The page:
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Killer cyclist on trial for manslaughter
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explorerJC




Joined: 20 Oct 2005
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PostPosted: Thu Aug 24, 2017 11:00 am    Post subject: Reply with quote

SloggingScotsman wrote:
I feel moved to chime in here.

First of all apologies to those of you that this post will undoubtedly upset, but it is my genuine held opinion. Remember until spinal stenosis kicked in, and I lost 'balance' on a bike I haven't gained the confidence to 'get back out there' on a bike yet, satisfying myself on turbo or in the gym. But I have done my fair share of fast training for tris and dus, on both road and mountain bikes.

Clearly pedestrians and cars are a big problem in the way that they can 'interact' inconsideately with us, as noted above on this thread.

But.....

1. Sometimes when we are in 'training mode' we can be a bit focused on our time. And can become blind to those around us. Over the past couple of months one cyclist who is clearly in training nearly knocked on old man over in front of me on a bridleway and the cyclist swore at the man. A few weeks later he swore at me as I walked past him and he at speed had to swerve of the tarmac onto the grass. I had the right of way and there was room for him to pass, but I guess at his speed he wanted more room as he whizzed past, swearing at me.

2. Any of you who have witnesses a fresh crop of Oxford students get on their bikes, and try to cycle around town, sometime falling off in the middle of the road as they try 'hands free' or 'adjust their sunglasses' might just think 'and these are our future leaders!" I have witnessed a few near accidents due to cyclist stupidity.

Perhaps it is because of things like this that help drive public opinion to be anti cyclist.

Not saying that it is right or wrong, just noting how it is and one reason why.


as ever, Sloggers, you set yourself up well but then...

the public can be as anti-cyclist as they like...but the CPs and our courts should apply the law consistently and fairly...
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Andy916




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PostPosted: Thu Aug 24, 2017 11:02 am    Post subject: Reply with quote

SloggingScotsman wrote:
...Sometimes when we are in 'training mode' we can be a bit focused on our time. And can become blind to those around us. Over the past couple of months one cyclist who is clearly in training nearly knocked on old man over in front of me on a bridleway...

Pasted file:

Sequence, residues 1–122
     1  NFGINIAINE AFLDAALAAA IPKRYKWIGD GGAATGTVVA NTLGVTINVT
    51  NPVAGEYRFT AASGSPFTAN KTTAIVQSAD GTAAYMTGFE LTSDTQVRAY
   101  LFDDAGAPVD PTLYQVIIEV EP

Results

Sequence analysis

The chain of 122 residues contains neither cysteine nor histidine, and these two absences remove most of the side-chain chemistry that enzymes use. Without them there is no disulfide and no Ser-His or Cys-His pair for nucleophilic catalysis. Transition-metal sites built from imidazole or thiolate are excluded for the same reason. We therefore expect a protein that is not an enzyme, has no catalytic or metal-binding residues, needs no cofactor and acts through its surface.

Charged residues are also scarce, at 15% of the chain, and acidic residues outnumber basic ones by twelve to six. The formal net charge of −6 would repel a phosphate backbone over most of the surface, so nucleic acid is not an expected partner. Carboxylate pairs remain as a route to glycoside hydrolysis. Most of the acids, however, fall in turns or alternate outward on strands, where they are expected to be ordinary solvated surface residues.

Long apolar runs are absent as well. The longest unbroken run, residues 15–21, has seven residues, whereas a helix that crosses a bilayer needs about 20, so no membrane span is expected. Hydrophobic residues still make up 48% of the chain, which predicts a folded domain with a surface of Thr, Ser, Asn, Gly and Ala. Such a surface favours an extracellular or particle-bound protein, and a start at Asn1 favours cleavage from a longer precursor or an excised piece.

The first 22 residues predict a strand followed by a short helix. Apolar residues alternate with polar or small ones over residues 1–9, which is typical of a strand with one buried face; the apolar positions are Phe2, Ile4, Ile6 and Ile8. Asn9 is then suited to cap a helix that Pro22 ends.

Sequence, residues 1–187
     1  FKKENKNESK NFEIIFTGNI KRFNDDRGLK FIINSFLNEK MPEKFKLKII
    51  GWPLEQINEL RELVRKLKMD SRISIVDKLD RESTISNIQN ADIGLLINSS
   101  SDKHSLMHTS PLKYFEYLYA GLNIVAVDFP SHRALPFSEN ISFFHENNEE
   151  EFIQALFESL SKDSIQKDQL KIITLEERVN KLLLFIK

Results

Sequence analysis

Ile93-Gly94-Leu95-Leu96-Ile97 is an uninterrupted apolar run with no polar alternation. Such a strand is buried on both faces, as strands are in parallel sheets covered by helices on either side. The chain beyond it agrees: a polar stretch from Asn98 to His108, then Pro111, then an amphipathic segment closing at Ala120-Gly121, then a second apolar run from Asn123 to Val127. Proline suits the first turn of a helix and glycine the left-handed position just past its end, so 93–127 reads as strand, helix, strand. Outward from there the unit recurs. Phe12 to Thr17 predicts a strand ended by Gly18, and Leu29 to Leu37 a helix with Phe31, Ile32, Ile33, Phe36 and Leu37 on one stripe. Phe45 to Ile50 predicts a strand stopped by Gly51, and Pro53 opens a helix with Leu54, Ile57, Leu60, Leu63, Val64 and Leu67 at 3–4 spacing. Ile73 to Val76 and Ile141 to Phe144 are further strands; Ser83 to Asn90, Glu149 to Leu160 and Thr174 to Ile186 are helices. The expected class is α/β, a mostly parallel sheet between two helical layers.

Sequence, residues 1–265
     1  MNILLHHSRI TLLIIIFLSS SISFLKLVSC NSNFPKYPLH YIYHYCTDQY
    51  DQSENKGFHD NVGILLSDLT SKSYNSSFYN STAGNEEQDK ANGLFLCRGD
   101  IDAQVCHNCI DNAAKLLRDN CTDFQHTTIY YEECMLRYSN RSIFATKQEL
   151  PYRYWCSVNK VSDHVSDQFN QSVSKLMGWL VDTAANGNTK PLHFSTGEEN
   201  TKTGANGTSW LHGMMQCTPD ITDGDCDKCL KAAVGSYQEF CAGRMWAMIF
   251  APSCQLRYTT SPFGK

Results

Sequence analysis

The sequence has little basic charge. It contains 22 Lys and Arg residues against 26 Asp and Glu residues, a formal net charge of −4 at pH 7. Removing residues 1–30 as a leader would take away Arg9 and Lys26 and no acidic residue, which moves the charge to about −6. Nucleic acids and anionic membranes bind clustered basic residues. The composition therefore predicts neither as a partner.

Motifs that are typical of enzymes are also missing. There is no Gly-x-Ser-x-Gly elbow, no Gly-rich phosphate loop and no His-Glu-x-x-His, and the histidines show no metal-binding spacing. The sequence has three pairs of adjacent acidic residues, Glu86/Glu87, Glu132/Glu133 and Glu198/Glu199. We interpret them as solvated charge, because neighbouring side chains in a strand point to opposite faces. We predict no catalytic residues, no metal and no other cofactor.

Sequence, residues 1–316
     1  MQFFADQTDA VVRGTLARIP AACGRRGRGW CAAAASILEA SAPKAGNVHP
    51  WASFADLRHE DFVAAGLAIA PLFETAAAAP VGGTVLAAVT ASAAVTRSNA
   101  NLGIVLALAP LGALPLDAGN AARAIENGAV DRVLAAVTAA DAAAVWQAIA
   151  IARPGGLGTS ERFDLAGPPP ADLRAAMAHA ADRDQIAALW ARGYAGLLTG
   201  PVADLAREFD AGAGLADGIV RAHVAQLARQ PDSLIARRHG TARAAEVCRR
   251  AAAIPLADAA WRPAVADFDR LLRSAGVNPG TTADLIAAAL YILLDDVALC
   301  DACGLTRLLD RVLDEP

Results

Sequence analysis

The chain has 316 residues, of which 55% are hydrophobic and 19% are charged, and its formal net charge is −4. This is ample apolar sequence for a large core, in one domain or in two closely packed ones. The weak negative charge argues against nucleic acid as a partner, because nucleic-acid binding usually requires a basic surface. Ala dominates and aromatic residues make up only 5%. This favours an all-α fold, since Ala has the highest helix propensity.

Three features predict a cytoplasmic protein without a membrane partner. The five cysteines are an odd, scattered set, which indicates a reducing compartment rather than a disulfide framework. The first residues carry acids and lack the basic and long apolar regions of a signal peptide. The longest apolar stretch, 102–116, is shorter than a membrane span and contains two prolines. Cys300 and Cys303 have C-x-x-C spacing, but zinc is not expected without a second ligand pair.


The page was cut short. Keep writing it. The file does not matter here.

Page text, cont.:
Yes indeed, and the knob you describe stokes the fire of cyclist-hatred.

I do plenty of 'fast road' training but have become gradually more careful to avoid that 'blindness'. I'm close to the brake levers through town, looking out for the delivery van with an open door, the distracted school mum, the mobile phone and earphone users etc etc. I also feel that a cheery wave goes a long way, when a driver does something particularly considerate, and it makes me feel better too. Most of my riding is on rural roads though, some single-track, with villages/towns along the way rather than hell-on-wheels cities. I'm influenced by decades of advanced-qualified riding and driving, and age. More than 95% of riders and drivers could benefit fundamentally from the hazard awareness chapter in any edition of Roadcraft.

Naively I thought there might be wider debate of the leniency culture towards dangerously bad driving, following the Alliston case, but of course Martin Porter's voice is being drowned out. Even the Guardian, who published his piece, reported the main story in a way that had me thinking I was reading a tabloid for a moment - 'mowed down' in the headline and first sentence, 'bike racing videos' in the second sentence, and 'smashing into' used to describe the collision.
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SidSnot




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PostPosted: Thu Aug 24, 2017 12:01 pm    Post subject: Reply with quote

This one didn't hot the national headlines

http://www.getreading.co.uk/news/reading-berkshire-news/cyclist-dies-after-crashing-pedestrian-12785475
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explorerJC




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PostPosted: Thu Aug 24, 2017 12:38 pm    Post subject: Reply with quote

SidSnot wrote:
This one didn't hot the national headlines

http://www.getreading.co.uk/news/reading-berkshire-news/cyclist-dies-after-crashing-pedestrian-12785475


Doesn't fit the identity narrative that is currently vogue
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Jorgan